The United States had proposed 12 years of protection to encourage pharmaceutical companies to invest more in next-generation treatments but Australia, New Zealand and other health groups opposed and sought for a period of 5 years to bring down drug costs and burden on medical programs. Negotiators agreed on a compromise that the agreement would protect the data between five and eight years.

Another issue hovering was protections for dairy farmers. New Zealand wanted to increase access to US, Canada and Japanese markets. This issue was addressed in the final hours of the talks as said by the officials. Separately, the US, Mexico, Canada and Japan have agreed on the rules of origin of auto parts and auto trade within the TPP region to qualify for duty-free status. The TPP would give Japan’s automakers, led by Toyota Motor Corp, a freer hand to buy parts from Asia for vehicles sold in the United States but sets long phase-out periods for US tariffs on Japanese cars and light trucks.

The TPP deal announced on Monday also sets minimum standards on issues ranging from workers’ rights to environmental protection. It also sets up dispute settlement guidelines between governments and foreign investors separate from national courts.

Since the activist groups are still in protest with the TPP deal, it remains to see how the lawmakers handle the situation. Will they vote down the TPP or will it stay?

Dairy deal the toughest issue as TPP deal nears an end

The major item standing in the way of the one-of-a-kind free trade agreement, the TPP, is the most common: milk. The pressure is on the U.S., as the leading proponent of the deal, to break a longstanding impasse over trade in milk-products like powder, whey protein, and cheese.

A similar meeting in July in Hawaii resolved issues regarding e-commerce, investment and environment only leaving differences over pharmaceutical patents, vehicle trade and dairy business. Officials said that solution for the first two are in sight but the dairy trade would consume a lot of time in Atlanta.

The dairy issue is a potent political problem for Canadian Prime Minister Stephen Harper who faces an election later this month in a country where dairy farmers are numerous in voter rich provinces of Ontario and Quebec. Harper has promised farmers that he won’t destroy their livelihood, but still the dairy industry is not buying it. Also, staying out of the deal is not an option for the export-dependent agriculture and agri-food sector of Canada. Also Canada’s agriculture minister said that any loss to dairy farmers will be compensated by softening the Canadian system of higher imports with payments to producers.

In New Zealand, a milk-producing powerhouse, trade minister Tim Groser said that he has prepared his dairy farmers for a measure of disappointment but also he would try and get the best possible deal. There is one reason why Australia and New Zealand are waiting is to repeat the case for fewer trade barriers. New Zealand’s agricultural industry representative have said that they will fight hard as it is a major industry for their nation.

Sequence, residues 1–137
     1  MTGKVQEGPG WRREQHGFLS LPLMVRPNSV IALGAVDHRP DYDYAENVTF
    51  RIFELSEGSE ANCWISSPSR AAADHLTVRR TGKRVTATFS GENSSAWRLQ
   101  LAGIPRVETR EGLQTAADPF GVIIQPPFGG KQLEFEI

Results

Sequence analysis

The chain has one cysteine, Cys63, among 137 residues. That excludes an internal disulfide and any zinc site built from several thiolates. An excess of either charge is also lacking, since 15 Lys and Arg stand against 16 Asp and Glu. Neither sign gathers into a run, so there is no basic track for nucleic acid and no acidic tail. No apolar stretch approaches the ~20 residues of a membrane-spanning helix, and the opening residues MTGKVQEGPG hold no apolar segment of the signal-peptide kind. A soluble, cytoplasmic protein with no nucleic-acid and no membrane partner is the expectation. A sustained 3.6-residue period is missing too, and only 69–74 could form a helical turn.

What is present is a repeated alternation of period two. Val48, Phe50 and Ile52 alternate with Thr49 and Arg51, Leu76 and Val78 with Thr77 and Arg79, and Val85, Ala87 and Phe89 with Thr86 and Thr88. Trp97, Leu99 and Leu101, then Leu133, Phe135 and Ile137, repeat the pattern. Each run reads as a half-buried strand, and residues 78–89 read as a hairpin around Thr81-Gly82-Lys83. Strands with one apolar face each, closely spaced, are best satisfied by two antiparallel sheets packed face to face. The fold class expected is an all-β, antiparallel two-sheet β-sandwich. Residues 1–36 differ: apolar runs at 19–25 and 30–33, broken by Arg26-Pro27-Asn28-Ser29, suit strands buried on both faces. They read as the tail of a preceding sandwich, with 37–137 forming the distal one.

Canada, Mexico ‎drawn into deal-breaking auto talks in Trans-Pacific negotiations

Steven Chase – The Globe and Mail

Aside from the dairy market issues that Canada is facing with the current talks about the proposed TPP, it is now linked to Mexico in reaching an agreement with the 12 countries involved in regard to how many automotive parts can be manufactured within the TPP countries. Canada is currently the ninth largest vehicle manufacturer, and this particular sector represents a large portion of their economy. Therefore, they are working together to ensure their interests in the United States market as they have always had. A particular point of this article is that Canada and Mexico were excluded from these talks with Japan even though they are part of the NAFTA partners with the U.S. This was a Situation that surprised Japanese representatives.

Full article:

Pacific Trade Ministers Aim to Seal TPP Trade Pact

According to the article (–finance.html), top trade representatives of 12 Pacific Rim countries are hoping to finalize the TPP agreement this week following the failed negotiations that occurred in Hawaii earlier this year.

A handful of issues hindered the talks in Hawaii, including US treatment of Japanese auto-parts, the length of patent protections for biologic drugs, and open markets for dairy products from major producers.

While prospects look good that the deal could be sealed this week, nothing is certain. Vocal public groups are raising objection to several issues under discussion, and there have been multiple demonstrations protesting the TPP in both Canada and New Zealand.

Nonetheless, if a deal is struck, it could become a model for an even larger agreement, the Transatlantic Trade and Investment Partnership (TTIP) that Washington is negotiating with the European Union.